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# 2010 International Journal of Computer Applications (0975 - 8887)

Volume 1 No. 17

60

Dynamic Economic Dispatch with Valve-Point Effect Using
Maclaurin Series Based Lagrangian Method

ABSTRACT
Dynamic Economic Dispatch (DED) plays a vital role in power
generation, operation and control. It is a complicated, non-linear
constrained problem. In this paper, Maclaurin series based
Lagrangian method (MSL) is used to solve the DED problem for
generating units with valve-point effect, considering the ramp rate
limits. Using Maclaurin series, the sine term used to model the
valve-point effect is expanded and solved with Lagrangian
method. The feasibility of the proposed method is validated for
static economic dispatch problem for forty unit system and DED
problem for five unit test system for 24 hour time interval. Results
obtained with the proposed approach are compared with other
techniques in the literature. The results obtained substantiate the
applicability of the proposed method for solving static and
dynamic economic dispatch problems with non-smooth cost
functions.
Keywords
Dynamic economic dispatch, Lagrangian method, Maclaurin
1. INTRODUCTION
Dynamic Economic Dispatch is a real time power system problem
[1-4]. The output power generation of each unit is determined
with respect to predicted load demand over a period satisfying the
system constraints and ramp-rate constraint. The basic static
economic dispatch problem is to minimize the total generation
cost among the committed units satisfying all unit and system
equality and inequality constraints. In practical systems, with
change in load conditions, the power generation has to be altered
to meet the demand. In such cases, static economic dispatch
incorporates practical difficulties in the control network.
To overcome this difficulty, dynamic economic dispatch is
implemented which takes into account the dynamic costs involved
in changing from one-generation level to the other. However,
most of them have considered the cost characteristics to be linear
in nature in order to simplify the mathematical formulation of the
problem and to allow many of the conventional optimization
techniques to be used. In reality the input-output characteristic of
more advanced algorithms are worth developing to obtain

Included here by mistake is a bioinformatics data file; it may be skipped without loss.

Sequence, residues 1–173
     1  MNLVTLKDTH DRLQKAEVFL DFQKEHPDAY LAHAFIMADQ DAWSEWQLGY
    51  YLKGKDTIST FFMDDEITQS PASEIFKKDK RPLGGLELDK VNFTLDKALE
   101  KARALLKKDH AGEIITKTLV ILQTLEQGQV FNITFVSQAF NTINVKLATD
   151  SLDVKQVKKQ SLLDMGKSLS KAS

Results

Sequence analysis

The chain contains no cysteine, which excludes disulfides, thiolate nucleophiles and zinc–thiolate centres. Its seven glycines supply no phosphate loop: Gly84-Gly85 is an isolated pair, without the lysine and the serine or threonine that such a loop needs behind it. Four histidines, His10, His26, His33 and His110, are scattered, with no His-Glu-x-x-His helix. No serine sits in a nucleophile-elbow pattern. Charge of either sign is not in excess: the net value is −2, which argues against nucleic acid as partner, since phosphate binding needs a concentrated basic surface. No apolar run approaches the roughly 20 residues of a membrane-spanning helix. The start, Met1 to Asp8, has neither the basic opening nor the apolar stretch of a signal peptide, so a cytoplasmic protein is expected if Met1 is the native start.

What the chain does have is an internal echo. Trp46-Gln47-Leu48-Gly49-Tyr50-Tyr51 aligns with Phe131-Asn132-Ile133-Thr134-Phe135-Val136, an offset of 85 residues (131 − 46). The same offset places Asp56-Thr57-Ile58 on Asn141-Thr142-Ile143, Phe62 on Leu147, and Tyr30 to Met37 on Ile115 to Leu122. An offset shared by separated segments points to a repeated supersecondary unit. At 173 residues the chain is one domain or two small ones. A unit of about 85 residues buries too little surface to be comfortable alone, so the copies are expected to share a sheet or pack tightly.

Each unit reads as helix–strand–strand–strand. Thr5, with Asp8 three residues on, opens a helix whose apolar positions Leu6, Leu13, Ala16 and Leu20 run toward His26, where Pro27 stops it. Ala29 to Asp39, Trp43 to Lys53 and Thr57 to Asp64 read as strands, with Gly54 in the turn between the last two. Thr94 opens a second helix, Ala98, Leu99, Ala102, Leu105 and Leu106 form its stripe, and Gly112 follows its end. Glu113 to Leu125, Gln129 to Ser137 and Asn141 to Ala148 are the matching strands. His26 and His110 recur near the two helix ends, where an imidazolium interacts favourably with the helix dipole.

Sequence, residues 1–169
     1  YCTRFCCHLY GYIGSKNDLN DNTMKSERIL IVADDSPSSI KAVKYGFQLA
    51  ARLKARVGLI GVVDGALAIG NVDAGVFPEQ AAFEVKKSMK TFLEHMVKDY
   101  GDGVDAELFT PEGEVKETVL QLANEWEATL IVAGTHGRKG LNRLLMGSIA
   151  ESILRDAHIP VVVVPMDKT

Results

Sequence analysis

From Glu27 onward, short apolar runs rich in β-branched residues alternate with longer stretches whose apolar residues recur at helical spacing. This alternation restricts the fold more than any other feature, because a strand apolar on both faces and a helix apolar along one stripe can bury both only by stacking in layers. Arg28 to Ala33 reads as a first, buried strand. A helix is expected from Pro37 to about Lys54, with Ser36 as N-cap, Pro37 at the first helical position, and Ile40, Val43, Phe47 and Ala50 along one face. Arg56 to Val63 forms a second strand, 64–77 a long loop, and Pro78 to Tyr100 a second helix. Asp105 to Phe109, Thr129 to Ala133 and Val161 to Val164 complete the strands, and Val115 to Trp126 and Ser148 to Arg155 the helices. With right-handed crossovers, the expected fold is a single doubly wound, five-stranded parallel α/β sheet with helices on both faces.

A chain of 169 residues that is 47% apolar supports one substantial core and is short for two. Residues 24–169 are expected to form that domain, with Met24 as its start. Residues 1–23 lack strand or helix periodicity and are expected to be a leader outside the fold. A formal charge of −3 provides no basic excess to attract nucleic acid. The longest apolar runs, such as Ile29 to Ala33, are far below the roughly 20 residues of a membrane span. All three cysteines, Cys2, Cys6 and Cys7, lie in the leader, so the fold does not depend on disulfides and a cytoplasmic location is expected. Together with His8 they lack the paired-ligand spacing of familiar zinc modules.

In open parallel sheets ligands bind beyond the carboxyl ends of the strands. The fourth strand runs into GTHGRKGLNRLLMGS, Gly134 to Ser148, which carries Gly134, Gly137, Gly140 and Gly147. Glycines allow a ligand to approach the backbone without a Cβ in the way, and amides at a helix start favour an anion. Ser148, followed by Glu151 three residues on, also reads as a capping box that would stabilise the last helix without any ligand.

accurate dispatch results.
Many works are in literature to solve the DED problem with

to solve this problem such as, gradient projection algorithm [5],
linear programming [6], Lagrangian relaxation [7] and dynamic
programming (DP) [8]. In reality, due to valve point effect, the
cost function is non-smooth and non-monotonically increasing
and traditional methods fail. Over the past few years, in order to
solve this problem, many stochastic methods such as genetic
algorithm (GA) [9], particle swarm optimization (PSO) [10-12],
simulated annealing (SA) [13], and Differential Evolution (DE)
[14-15] had been developed. They may prove to be very effective
in solving non-convex ED problems without any restriction on the
shape of the cost curves. Hybrid methods combining two or more
optimization methods were introduced in [16-20] and they prove
to be effective in solving the non-smooth DED problem with
valve-point effect.
The problem with stochastic search techniques is, they cannot
guarantee an optimal or near optimal solution in a single run.
Even fixing up the parameters initially cannot guarantee near
optimal solution because of the randomness involved in the
solution technique. Therefore, the solution obtained is not unique
in each trial having a fixed number of iterations. To overcome
these problems, Maclaurin series based Lagrangian method is
proposed wherein the rectified sinusoid function in the cost
equation is represented by Maclaurin sine series approximation
and then solved using the Lagrangian method. The approximation
error is compensated by an initialization factor, y which enhances
the solution quality. The main advantage in this method is that it
has a unique solution unlike in stochastic search techniques as
conventional gradient method is used to solve for the optimum
generation rather than a population based technique. In addition,
this algorithm can provide a more accurate dispatch in few
seconds which makes this approach suitable for online dispatch.
2. PROBLEM FORMULATION
In dynamic economic dispatch problem, the total fuel cost
function associated with the committed units is minimized, taking
into consideration the ramp rate constraints of the generating
units.
Objective Function
The fuel cost characteristics of each generating unit i, is
model the valve-point effect. The DED problem over the
stipulated time horizon is formulated as:
Minimize
S. Hemamalini
Department of Electrical and Electronics
Engineering,
National Institute of Technology,